The U.S. government and many state governments have progressive income taxes. The word “progressive” does not mean “good”. This means that your marginal tax rate, which is your tax rate on excess income, increases as you move up the income ladder. When the rate was set for the United States, there was a link between gold and the dollar. The U.S. government’s promise to keep the price of gold at $ 35 per ounce limits the ability to print money and, thus, the ability to create inflation. But on August 15, 1971, President Nixon severed the last remaining connection between the dollar and gold. Until then, the U.S. government was ready to redeem সরকারের 35 per ounce for foreign government dollar gold. But on August 15, Nixon closed the “golden window.” This means that a residual legal restriction on the Federal Reserve’s ability to print money has passed. The result, not surprisingly, was a decade of high inflation. From 1971 to 1981, the average annual inflation rate was 8.4 percent.

This means that tax brackets designed for relatively high-income people were increasingly applicable to middle-income people, and tax brackets designed for middle-income people were increasingly applicable to low-income people. A table in 1982 Economic report of the President Tells stories. In 1970, a family of four whose income was half was in 15 percent tax bracket. By 1980, that family was in the 18 percent tax bracket. A four-person family with a mediocre income paid a marginal tax at 20 percent in 1970 and 24 percent in 1980. A four-person household with double the middle income paid a marginal tax of 26 percent in 1970 and 43 percent in 1980. And keep in mind that this is not just the family’s personal income tax rate and it doesn’t include Medicare (HI) or Social Security (FICA) taxes.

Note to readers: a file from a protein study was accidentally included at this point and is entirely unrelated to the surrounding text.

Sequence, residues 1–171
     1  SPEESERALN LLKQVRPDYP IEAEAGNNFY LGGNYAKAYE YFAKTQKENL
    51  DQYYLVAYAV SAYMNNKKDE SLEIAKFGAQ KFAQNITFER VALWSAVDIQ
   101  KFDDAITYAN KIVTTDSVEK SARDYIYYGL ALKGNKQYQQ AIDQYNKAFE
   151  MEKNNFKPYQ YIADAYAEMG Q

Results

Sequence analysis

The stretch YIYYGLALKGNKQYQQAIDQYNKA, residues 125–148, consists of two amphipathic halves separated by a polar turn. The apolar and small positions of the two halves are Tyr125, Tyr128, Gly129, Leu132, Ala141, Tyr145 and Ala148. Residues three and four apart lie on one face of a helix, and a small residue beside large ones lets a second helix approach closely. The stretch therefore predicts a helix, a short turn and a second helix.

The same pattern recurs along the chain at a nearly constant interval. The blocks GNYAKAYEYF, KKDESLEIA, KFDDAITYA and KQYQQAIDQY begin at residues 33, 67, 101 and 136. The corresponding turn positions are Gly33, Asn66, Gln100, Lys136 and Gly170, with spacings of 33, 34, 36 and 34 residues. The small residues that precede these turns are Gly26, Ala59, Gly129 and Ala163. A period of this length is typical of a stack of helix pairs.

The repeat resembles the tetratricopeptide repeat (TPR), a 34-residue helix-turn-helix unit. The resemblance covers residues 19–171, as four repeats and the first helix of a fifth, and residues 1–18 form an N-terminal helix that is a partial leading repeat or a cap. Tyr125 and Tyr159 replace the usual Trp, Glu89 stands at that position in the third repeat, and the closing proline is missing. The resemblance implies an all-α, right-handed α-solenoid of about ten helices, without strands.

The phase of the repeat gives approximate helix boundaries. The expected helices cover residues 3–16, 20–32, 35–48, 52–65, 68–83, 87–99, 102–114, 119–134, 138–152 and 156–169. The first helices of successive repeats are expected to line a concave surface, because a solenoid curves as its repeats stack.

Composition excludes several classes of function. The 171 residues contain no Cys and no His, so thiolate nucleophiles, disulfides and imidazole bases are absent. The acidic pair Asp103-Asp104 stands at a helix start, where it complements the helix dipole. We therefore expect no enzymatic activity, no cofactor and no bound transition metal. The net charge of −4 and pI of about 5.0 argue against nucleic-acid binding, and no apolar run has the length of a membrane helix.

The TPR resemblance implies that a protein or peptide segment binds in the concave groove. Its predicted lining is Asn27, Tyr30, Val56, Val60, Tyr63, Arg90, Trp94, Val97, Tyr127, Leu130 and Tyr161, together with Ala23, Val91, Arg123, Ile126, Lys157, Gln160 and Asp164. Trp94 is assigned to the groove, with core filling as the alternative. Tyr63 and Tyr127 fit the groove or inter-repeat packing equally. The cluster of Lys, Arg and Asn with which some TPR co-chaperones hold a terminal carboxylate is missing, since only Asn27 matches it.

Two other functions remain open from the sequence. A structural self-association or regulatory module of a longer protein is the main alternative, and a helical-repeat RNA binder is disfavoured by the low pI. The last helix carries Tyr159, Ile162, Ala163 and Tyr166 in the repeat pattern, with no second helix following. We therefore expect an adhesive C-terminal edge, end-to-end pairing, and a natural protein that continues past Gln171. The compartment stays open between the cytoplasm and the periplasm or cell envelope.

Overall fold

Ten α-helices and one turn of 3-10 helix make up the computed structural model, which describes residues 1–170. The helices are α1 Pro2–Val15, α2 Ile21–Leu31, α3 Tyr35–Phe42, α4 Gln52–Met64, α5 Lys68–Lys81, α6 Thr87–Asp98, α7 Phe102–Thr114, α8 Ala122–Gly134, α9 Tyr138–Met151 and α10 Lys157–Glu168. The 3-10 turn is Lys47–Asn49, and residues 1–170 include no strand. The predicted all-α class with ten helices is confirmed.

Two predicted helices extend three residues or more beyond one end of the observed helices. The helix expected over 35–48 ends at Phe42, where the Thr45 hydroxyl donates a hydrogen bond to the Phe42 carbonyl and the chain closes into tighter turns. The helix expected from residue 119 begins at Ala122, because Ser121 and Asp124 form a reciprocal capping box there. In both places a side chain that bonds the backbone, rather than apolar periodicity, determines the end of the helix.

This is David R. “Take index state tax brackets,” comes from Henderson. Defined conceptMay 19, 2022.

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Not surprisingly, Milton Friedman was ahead of the curve in favor of indexing tax brackets for inflation in 1974. And Ronald Reagan, after becoming president, wanted to do something about the problem. Although I’ve never seen it discussed, I can bet that Reagan regretted raising California’s top tax bracket soon after becoming governor in 1967. He faced a significant state budget deficit, but opted for a higher marginal tax rate. Income people deal with it. In 1966, for example, the California marginal tax rate on people with a taxable income of $ 30,000 or more was 7 percent. The income of $ 30,000 in 1966, adjusted for inflation, would be $ 268,694 today. In 1967, Reagan and the legislature increased the marginal tax rate to 9 percent for those earning $ 25,000 to $ 28,000 and 10 percent for those earning $ 28,000 or more. His tax rate remained the same, inflation stopped, and by 1980, middle-income Californians were paying the tax rate that Reagan, his advisers, and the California legislature wanted only for high-income Californians. As Shakespeare said, bad things make you sick and make you strong.

Reagan seems to have learned the lesson. Under the Economic Recovery Tax Act of 1981, he and Congress reduced the marginal tax rate on all annual income levels from 1982 to 1984 and listed tax brackets for inflation since 1985. The result is that inflation itself cannot keep you in high tax brackets. Good about. The level of income above which social security recipients pay taxes on their social security benefits, introduced in 1984, has never been adjusted for inflation. But those who do not get social security benefits cannot be kept in high tax brackets just by inflation.

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